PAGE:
General Assembly Votes to Sustain All Gubernatorial Vetoes

April 19, 2012

The Virginia General Assembly sustained all of Gov. Bob McDonnell's vetoes Wednesday and accepted the vast majority of amendments he offered to bills passed during the 2012 legislative session.

Lawmakers did reject the governor's plan to enhance incentives for shippers using the Port of Virginia, as well as one of his changes to hotly contested legislation requiring voters to show identification at the polls, but most of his amendments sailed through with little debate during the annual one-day reconvened session.

Only one veto came close to being overridden. McDonnell vetoed legislation sponsored by Del. Mark Sickles, D-Fairfax, that would have allowed localities to increase from $100 to $250 a penalty they can impose on motorists who register their car in another state to circumvent Virginia's personal property tax on vehicles.

Sickles said thousands of residents in Virginia drive cars with Maryland plates, depriving the Virginia and local governments of revenue. He said the tax scofflaws figure that even if they're caught, the $100 penalty is less than paying the car tax.

In his veto message, McDonnell said the bill was not needed because a separate state law allows a $250 fine for any resident who does not register his car with the Virginia Department of Motor Vehicles. But Sen. George Barker, D-Fairfax, said only 38 violators were fined under that law last year in Fairfax County while the measure that was the subject of Sickles' bill netted 3,000 violators — largely because of residents reporting neighbors to county tax officials.

It takes a two-thirds vote of both chambers to override a veto. The House barely reached that mark, voting 64-31 to override, but the Senate came up short at 21-16.

A half-dozen other gubernatorial vetoes were either unopposed or sustained by comfortable margins.

The legislature also accepted McDonnell's amendments to two bills making sweeping changes to the public employee pension system.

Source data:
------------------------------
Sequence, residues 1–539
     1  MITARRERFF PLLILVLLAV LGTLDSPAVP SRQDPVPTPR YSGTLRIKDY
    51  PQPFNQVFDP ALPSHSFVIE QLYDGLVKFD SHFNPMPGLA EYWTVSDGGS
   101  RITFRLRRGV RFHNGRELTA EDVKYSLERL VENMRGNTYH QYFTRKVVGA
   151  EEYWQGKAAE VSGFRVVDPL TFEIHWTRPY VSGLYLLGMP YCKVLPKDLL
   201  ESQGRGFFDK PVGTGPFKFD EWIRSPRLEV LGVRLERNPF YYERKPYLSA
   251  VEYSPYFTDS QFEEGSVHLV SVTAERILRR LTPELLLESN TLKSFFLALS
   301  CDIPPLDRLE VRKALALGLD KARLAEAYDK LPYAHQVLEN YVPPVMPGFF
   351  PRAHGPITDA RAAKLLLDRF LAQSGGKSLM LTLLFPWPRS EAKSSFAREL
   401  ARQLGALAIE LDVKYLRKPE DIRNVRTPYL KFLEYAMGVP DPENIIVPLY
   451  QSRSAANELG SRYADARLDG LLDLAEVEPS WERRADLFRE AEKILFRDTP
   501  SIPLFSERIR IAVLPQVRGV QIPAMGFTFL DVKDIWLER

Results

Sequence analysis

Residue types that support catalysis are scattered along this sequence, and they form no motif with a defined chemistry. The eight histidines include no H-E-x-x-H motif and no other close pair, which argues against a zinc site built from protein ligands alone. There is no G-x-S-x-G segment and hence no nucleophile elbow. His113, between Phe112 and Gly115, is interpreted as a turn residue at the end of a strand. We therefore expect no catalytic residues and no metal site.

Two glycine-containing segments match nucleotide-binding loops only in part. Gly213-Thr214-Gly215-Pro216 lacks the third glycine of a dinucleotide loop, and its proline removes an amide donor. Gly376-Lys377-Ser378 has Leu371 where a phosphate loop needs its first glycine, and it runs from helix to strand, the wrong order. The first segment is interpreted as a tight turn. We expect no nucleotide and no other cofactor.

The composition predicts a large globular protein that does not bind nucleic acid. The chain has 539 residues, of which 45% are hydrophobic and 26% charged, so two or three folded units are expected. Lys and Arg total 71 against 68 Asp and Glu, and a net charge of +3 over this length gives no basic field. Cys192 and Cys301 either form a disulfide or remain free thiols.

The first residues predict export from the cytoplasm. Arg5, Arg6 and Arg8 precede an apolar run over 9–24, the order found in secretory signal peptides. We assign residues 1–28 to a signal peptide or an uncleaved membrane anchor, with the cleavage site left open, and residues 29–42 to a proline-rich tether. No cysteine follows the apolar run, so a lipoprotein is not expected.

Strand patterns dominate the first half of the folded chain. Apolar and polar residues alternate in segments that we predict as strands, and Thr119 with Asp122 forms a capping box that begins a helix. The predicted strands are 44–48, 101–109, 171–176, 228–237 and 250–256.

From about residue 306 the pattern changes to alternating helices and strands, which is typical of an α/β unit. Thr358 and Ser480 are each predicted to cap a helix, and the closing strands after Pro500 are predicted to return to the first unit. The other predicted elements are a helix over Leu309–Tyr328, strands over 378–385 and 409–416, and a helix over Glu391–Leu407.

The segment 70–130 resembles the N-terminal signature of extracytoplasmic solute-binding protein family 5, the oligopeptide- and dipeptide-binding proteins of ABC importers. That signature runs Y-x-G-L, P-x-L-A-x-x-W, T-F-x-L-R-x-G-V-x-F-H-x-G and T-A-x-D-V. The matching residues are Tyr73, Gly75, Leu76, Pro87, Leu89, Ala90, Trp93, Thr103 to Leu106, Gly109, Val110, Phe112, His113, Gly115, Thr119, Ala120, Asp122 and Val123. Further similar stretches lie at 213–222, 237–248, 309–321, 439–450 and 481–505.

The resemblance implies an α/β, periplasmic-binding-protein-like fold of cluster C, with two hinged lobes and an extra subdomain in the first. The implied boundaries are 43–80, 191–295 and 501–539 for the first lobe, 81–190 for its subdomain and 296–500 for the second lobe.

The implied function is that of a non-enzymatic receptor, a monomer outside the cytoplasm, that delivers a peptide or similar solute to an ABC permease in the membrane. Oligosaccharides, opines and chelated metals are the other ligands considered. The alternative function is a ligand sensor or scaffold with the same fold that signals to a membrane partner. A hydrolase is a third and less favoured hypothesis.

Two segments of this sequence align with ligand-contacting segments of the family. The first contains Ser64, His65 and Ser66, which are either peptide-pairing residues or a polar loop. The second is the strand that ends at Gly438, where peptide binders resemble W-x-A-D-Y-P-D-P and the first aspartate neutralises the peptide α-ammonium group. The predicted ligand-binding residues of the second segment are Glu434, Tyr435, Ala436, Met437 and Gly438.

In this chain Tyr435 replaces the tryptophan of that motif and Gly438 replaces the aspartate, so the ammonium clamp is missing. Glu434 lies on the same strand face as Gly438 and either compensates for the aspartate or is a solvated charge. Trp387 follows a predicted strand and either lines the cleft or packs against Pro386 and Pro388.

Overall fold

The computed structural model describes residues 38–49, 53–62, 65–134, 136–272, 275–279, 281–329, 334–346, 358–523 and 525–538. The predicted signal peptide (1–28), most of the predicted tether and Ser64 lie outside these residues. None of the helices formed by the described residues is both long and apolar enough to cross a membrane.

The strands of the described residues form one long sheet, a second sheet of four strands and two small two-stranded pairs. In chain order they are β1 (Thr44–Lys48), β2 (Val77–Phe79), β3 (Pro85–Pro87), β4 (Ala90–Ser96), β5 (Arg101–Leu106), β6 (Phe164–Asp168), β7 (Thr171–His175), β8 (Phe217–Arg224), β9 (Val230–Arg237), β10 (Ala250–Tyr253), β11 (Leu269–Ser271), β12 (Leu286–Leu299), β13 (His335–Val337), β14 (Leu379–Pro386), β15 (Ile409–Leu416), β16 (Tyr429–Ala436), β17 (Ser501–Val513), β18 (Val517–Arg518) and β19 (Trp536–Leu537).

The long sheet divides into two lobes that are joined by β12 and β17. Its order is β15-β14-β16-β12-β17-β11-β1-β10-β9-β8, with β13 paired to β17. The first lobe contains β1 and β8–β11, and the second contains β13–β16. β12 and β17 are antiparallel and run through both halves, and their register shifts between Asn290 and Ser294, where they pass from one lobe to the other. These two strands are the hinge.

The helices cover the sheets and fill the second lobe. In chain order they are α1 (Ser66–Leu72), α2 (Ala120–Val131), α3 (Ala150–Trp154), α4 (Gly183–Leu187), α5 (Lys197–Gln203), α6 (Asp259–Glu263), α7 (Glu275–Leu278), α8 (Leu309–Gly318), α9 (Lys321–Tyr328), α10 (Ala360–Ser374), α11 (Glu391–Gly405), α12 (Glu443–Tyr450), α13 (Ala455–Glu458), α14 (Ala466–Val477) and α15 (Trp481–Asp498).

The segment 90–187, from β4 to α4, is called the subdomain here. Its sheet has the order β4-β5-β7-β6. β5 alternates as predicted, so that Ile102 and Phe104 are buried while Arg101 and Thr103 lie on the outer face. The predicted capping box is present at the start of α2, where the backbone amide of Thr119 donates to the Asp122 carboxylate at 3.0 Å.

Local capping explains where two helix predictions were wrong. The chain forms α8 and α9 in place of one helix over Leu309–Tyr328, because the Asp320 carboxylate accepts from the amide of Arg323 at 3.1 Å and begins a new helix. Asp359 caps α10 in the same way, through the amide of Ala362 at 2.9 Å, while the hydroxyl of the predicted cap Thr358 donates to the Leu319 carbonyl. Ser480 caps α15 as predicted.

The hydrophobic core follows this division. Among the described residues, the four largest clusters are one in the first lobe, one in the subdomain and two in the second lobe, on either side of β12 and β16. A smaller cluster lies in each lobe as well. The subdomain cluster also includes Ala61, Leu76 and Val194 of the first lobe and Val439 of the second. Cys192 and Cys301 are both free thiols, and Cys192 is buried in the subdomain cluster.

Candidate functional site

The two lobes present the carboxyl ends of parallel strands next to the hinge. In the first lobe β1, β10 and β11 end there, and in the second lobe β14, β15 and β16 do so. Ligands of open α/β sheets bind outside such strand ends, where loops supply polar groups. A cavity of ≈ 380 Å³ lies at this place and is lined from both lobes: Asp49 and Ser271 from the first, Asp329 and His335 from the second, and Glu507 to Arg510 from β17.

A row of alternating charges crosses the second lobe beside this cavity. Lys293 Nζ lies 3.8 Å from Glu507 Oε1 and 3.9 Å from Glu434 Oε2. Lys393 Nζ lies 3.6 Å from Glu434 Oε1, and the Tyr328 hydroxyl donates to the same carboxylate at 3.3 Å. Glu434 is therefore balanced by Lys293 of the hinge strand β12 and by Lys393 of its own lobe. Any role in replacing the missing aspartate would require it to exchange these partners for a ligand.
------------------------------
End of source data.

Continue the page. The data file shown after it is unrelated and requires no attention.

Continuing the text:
One of the amendments allows cities, counties and towns five years to phase in 5 percent pay raises that teachers and local employees will have to contribute to the Virginia Retirement System, which has nearly $25 billion in unfunded liabilities. City and county leaders had asked for the amendment because they were concerned that a large, immediate increase in payroll expenses would force them to raise taxes or cut services.

Lawmakers also agreed to mostly technical changes to another bill that scales back retirement benefits for public employees with less than five years in the system. New hires starting in July 2014 would be put into a hybrid pension plan that melds traditional defined benefits with a defined contribution plan like a 401(k), which employees direct and which can gain or lose value based on market fluctuations.

Most of McDonnell's amendments to the voter ID bill were accepted, including his decision to strike a provision that would have allowed poll workers to waive the requirement if they recognized the voter. The Republican-backed bill, which Democrats called a throwback to Jim Crow literacy tests and poll taxes, would require voters who don't show an ID to cast a provisional ballot that would be counted later if they return with the required identification.

McDonnell proposed setting up an automatic review by local elections officials comparing signatures on the provisional ballot with those on file with the State Board of Elections, eliminating the necessity for voters to make a separate trip to local registrars' offices with ID in hand. Legislators rejected that amendment after some said election officials would have trouble evaluating signatures that can change as a person ages.

Legislators also rejected McDonnell's amendment to establish an "Economic and Infrastructure Development Zone" allowing an "Economic and Infrastructure Development Zone" allowing corporate income tax credits to companies that use the Port of Virginia.

In the House, Speaker William J. Howell ruled the amendment was improper because it created an entire new code section. The Senate overwhelmingly rejected the amendment after the sponsor of the original bill, Sen. Frank Wagner of Virginia Beach, said he would prefer to come back next year with a program offering grants instead of tax credits.

Del. Robert G. Marshall, R-Prince William, encouraged his colleagues to support McDonnell's amendments to his bill prohibiting authorities from aiding the armed forces in illegal detentions of U.S. citizens. A provision in the 2012 National Defense Authorization Act could allow for the indefinite military detentions of Americans, even though President Barack Obama said he would not allow the provision to be enforced. Marshall called it an egregious federal overreach.

McDonnell's amendments, accepted by lawmakers, insert the word "knowingly" to protect state authorities who unwittingly aid an unconstitutional detention; limit its scope to detentions only — not investigations or prosecutions; and protect state and local authorities involved in joint task forces where the stated intentions are not illegal detainments.


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